Other policies designed to address racial wealth inequality were also viewed favorably:
- Nearly 70 percent of Black respondents said that suspending rent and mortgages through the remainder of 2020 is a high priority, along with 62 percent of Latinxs and 49 percent of whites.
- Sixty-three percent of Black respondents said that a government-granted universal income program (distributing monthly checks of $1,000) is a high priority, as well as 58 percent of Latinx respondents, and 46 percent of whites.
- Expanding the Child Tax Credit to all low-income families (not only those meeting an income threshold) also enjoyed majority support across racial/ethnic groups—70 percent of Black Americans, 69 percent of Latinxs, and 59 percent of whites.
- A “baby bond” program to provide a savings account and annual federal contributions to every child born in the U.S. was rated a high priority by 42 percent of respondents nationwide, including 53 percent of Black respondents and 47 percent of Latinxs.
Finally, although the idea of providing payments to Black Americans as restitution for slavery and generations of discrimination remains polarizing, pluralities would support increasing taxes on corporations and using the money to provide grants to Black entrepreneurs. Support for such a policy was highest among Black Americans (68 percent nationally, 78 percent in Minnesota), but it also finds significant support among Latinxs (51 percent) and whites (43 percent nationally, 46 percent in Minnesota).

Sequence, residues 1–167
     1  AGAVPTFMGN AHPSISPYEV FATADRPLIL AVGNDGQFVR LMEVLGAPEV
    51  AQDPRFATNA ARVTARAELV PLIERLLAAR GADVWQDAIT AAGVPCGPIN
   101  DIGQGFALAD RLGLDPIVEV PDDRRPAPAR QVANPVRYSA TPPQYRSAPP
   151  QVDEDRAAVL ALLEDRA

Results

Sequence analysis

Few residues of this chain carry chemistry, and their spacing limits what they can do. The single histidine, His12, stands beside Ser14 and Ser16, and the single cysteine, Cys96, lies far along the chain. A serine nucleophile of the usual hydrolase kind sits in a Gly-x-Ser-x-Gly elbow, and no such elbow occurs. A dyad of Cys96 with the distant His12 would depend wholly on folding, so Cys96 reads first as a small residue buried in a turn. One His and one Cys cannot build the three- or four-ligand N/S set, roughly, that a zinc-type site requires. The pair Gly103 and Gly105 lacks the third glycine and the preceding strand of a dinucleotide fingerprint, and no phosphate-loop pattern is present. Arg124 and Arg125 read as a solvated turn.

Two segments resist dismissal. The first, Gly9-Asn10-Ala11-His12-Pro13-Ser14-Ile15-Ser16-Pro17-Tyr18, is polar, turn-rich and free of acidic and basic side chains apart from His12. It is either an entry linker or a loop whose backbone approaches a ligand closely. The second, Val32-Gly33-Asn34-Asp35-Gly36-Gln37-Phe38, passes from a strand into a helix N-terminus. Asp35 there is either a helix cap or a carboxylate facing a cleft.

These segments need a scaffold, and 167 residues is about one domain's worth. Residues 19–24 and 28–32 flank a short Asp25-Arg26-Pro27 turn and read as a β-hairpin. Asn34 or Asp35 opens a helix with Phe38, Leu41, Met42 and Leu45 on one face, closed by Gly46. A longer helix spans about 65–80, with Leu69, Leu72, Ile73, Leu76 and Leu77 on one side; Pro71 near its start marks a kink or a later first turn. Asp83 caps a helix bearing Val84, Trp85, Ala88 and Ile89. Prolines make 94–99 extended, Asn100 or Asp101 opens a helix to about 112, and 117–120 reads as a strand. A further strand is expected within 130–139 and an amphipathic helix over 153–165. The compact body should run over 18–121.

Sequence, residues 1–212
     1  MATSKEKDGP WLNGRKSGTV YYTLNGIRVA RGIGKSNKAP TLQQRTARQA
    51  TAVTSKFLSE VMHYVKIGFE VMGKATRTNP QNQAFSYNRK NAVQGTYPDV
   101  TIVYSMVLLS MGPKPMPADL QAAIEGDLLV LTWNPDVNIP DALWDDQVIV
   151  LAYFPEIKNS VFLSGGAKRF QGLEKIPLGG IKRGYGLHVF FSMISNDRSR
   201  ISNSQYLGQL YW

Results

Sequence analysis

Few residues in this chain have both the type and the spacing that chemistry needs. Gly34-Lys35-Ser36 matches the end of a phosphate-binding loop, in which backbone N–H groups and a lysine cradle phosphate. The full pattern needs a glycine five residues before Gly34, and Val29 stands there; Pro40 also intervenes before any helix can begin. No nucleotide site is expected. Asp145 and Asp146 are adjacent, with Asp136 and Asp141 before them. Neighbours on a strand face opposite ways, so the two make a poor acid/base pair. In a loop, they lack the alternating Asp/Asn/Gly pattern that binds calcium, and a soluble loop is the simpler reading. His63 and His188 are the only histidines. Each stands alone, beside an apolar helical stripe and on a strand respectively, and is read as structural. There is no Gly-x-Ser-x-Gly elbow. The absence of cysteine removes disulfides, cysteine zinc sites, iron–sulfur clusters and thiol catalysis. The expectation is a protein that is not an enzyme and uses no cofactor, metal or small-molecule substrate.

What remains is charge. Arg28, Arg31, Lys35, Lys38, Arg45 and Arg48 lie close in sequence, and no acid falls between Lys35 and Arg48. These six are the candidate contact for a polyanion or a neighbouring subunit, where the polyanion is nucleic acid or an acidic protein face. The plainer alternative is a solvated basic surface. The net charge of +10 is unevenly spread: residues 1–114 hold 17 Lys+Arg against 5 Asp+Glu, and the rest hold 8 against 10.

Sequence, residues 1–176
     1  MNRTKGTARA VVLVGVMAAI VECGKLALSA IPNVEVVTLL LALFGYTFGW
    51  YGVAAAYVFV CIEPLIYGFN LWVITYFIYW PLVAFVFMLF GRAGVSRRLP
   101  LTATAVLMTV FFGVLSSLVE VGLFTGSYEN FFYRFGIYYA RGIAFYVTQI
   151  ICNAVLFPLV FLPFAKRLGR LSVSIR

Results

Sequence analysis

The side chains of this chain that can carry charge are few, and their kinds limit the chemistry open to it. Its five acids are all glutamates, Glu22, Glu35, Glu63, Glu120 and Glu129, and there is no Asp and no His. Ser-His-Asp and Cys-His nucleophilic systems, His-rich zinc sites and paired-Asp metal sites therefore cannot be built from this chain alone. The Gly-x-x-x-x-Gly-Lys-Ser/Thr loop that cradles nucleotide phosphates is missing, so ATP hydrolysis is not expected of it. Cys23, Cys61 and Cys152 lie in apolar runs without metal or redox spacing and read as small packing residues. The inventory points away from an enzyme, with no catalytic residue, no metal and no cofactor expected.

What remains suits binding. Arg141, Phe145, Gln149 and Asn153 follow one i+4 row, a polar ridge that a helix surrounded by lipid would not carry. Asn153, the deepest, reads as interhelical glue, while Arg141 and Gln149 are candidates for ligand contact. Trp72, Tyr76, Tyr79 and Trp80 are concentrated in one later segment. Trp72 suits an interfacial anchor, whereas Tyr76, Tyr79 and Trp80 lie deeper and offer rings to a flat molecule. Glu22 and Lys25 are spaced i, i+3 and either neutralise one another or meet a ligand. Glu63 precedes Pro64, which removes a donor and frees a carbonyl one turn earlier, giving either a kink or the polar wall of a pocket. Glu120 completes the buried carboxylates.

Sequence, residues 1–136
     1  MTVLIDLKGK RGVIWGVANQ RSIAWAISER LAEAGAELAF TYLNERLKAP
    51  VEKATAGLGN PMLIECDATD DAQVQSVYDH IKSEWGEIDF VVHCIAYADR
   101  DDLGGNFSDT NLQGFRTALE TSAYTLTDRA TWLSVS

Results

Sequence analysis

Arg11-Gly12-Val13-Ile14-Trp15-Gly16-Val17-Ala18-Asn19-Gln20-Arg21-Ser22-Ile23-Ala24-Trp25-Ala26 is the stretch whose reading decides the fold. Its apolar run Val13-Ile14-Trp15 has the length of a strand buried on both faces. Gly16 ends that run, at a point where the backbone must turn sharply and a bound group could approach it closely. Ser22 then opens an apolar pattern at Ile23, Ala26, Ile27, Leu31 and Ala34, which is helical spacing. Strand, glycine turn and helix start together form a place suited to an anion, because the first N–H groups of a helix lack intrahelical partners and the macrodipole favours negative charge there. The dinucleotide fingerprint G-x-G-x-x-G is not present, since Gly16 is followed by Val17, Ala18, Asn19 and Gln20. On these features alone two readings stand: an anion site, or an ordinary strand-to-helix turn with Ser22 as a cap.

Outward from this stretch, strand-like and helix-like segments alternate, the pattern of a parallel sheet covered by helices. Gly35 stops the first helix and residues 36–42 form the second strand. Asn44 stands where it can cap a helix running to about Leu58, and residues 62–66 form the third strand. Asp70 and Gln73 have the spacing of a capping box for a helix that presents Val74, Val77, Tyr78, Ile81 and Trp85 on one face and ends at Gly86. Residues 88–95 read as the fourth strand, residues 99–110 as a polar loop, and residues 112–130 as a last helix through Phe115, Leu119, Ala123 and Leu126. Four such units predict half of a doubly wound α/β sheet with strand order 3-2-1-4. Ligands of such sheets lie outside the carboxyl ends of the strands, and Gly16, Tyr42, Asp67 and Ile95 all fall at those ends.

About our Organizations
Prosperity Now believes that everyone deserves a chance to prosper. Since 1979, we have helped millions of people, especially people of color and those of limited incomes, to achieve financial security, stability, and ultimately, prosperity.
The Othering & Belonging Institute at UC Berkeley brings together researchers, organizers, stakeholders, communicators, and policymakers to identify and eliminate the barriers to an inclusive, just, and sustainable society in order to create transformative change.
The Minnesota Legislature empowered the Council for Minnesotans of African Heritage to ensure that people of African heritage fully and effectively participate in and equitably benefit from the political, social, and economic resources, policies and procedures of the State of Minnesota.